2023278 | CHORNOCK         | 2          | TDE2                 | 18          | Y   | 0         | 0         |
2023278 | CHORNOCK         | 3          | TDE3                 | 18          | Y   | 0         | 0         |
2023278 | CHORNOCK         | 4          | TDE4                 | 18          | Y   | 0         | 0         |
2023278 | CHORNOCK         | 5          | TDE5                 | 18          | Y   | 0         | 0         |
2023278 | CHORNOCK         | 6          | TDE6                 | 18          | Y   | 0         | 0         |
2023281 | EYLES-FERRIS     | 1          | HIGH PRIORITY TDE    | 20          | Y   | 0         | 0         |
2023281 | EYLES-FERRIS     | 2          | HIGH PRIORITY TDE    | 20          | Y   | 0         | 0         |
2023281 | EYLES-FERRIS     | 3          | HIGH PRIORITY TDE    | 20          | Y   | 0         | 0         |
2023281 | EYLES-FERRIS     | 4          | LOW PRIORITY TDE     | 10          | Y   | 0         | 0         |
2023281 | EYLES-FERRIS     | 5          | LOW PRIORITY TDE     | 10          | Y   | 0         | 0         |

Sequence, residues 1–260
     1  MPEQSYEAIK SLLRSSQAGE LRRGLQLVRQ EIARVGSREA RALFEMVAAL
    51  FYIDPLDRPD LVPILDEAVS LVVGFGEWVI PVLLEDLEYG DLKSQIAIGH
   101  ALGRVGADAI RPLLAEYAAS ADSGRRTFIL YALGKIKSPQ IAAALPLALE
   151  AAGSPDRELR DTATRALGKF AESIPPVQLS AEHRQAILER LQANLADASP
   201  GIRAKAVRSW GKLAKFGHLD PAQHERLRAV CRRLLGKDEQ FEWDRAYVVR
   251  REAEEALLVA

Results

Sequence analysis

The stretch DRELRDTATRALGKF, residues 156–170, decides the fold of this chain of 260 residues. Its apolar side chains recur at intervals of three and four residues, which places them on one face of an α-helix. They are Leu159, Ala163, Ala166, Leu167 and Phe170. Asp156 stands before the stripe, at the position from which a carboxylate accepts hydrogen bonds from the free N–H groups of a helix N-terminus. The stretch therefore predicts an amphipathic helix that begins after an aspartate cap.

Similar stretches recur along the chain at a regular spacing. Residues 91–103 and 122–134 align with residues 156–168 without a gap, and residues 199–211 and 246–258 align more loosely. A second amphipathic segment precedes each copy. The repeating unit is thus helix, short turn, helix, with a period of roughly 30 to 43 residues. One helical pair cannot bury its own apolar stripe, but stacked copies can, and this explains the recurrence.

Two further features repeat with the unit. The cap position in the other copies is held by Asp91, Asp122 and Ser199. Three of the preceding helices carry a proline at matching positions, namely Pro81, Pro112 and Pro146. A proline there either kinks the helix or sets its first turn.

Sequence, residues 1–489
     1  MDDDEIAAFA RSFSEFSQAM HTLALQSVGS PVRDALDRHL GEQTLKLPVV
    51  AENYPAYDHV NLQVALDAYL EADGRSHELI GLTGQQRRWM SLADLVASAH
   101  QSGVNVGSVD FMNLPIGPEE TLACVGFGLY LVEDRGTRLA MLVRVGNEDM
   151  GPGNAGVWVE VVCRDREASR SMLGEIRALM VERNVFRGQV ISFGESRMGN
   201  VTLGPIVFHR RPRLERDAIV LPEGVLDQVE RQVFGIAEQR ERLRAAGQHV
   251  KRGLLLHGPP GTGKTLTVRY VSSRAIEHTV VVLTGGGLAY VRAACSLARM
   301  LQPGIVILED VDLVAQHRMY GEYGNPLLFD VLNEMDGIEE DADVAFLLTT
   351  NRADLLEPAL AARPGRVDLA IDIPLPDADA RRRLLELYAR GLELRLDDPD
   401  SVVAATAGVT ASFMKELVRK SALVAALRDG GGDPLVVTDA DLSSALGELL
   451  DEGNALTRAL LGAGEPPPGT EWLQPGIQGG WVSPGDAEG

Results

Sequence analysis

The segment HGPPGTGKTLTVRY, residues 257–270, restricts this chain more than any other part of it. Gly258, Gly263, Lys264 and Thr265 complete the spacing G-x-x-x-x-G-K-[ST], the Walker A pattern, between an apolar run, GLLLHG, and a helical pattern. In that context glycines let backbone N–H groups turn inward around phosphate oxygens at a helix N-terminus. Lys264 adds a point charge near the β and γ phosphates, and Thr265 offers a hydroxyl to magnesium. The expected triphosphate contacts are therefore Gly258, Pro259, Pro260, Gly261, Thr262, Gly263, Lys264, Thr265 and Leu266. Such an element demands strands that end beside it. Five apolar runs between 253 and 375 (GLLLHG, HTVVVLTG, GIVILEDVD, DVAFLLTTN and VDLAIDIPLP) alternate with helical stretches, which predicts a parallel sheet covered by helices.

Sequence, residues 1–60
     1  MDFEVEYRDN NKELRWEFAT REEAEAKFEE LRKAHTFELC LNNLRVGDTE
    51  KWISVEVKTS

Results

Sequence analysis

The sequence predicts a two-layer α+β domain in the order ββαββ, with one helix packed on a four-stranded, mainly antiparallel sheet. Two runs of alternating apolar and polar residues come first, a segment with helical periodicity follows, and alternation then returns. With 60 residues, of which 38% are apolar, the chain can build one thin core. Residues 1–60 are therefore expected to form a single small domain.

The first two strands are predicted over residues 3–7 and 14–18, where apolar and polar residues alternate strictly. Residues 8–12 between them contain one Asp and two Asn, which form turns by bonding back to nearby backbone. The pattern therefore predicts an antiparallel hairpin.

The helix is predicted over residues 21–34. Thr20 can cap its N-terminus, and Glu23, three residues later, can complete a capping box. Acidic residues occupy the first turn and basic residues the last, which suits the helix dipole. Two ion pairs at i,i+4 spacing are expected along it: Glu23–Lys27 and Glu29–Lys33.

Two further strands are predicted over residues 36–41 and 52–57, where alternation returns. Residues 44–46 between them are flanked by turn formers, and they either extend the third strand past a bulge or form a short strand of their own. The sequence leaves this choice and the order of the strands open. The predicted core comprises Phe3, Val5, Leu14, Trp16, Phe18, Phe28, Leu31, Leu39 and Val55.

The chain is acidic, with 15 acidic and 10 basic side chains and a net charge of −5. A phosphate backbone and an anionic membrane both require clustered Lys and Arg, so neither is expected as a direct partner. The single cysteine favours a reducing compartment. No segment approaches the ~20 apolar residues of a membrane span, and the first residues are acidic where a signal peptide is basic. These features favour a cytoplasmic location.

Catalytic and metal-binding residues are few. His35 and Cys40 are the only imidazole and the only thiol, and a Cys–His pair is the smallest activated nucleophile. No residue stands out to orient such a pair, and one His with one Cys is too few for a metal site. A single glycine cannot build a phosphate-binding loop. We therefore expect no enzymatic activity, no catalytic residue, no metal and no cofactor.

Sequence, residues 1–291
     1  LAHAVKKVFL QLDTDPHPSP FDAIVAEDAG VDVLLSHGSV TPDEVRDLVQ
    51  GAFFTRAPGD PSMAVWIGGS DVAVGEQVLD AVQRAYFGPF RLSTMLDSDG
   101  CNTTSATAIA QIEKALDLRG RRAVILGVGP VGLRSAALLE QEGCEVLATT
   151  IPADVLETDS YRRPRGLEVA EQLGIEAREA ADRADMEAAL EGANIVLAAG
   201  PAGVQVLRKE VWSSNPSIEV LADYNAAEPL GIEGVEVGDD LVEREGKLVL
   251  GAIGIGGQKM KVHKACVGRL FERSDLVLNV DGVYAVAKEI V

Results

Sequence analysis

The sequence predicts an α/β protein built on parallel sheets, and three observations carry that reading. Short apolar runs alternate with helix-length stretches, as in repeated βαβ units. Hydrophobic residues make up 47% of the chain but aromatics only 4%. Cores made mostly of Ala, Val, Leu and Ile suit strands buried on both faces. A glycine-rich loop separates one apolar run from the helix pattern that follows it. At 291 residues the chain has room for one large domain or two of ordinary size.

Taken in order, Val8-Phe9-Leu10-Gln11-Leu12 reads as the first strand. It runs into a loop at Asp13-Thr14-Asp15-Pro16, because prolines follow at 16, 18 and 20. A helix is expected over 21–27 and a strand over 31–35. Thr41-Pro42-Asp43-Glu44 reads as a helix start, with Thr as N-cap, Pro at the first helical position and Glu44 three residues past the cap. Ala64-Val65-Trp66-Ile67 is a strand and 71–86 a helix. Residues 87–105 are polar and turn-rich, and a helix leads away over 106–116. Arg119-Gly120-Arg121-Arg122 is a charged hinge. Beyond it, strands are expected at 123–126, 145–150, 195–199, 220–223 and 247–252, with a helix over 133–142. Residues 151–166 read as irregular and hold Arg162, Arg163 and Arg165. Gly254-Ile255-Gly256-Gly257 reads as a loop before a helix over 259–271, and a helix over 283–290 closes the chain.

2023281 | EYLES-FERRIS     | 6          | LOW PRIORITY TDE     | 10          | Y   | 0         | 0         |
2023281 | EYLES-FERRIS     | 7          | LOW PRIORITY TDE     | 10          | Y   | 0         | 0         |
2023281 | EYLES-FERRIS     | 8          | LOW PRIORITY TDE     | 10          | Y   | 0         | 0         |
2023281 | EYLES-FERRIS     | 9          | LOW PRIORITY TDE     | 10          | Y   | 0         | 0         |
2023281 | EYLES-FERRIS     | 10         | LOW PRIORITY TDE     | 10          | Y   | 0         | 0         |
2023284 | ISLAM            | 1          | 4U 1538-52           | 40          | N   | 235.59729 | -52.386   |
2023284 | ISLAM            | 2          | 4U 1909+07           | 40          | N   | 287.70079 | 7.59761   |
2023287 | PELLEGRINO       | 1          | SN2022JOX            | 3           | N   | 149.4355  | -28.51586 |
2023287 | PELLEGRINO       | 2          | SN2021YKY            | 3           | N   | 16.95925  | 27.31481  |
2023287 | PELLEGRINO       | 3          | SN2020LFN            | 3           | N   | 246.73704 | 20.24589  |
2023287 | PELLEGRINO       | 4          | SN2020HGW            | 3           | N   | 214.57971 | 38.92956  |
2023287 | PELLEGRINO       | 5          | SN2020IAK            | 3           | N   | 199.34537 | 32.58853  |
2023287 | PELLEGRINO       | 6          | SN2019EOH            | 3           | N   | 195.95563 | 38.28914  |
2023287 | PELLEGRINO       | 7          | SN2023ENR            | 3           | N   | 82.91646  | -10.393   |
2023287 | PELLEGRINO       | 8          | SN2023AXU            | 3           | N   | 101.4805  | -18.23153 |
2023287 | PELLEGRINO       | 9          | SN2022PGF            | 3           | N   | 227.92458 | 59.82008  |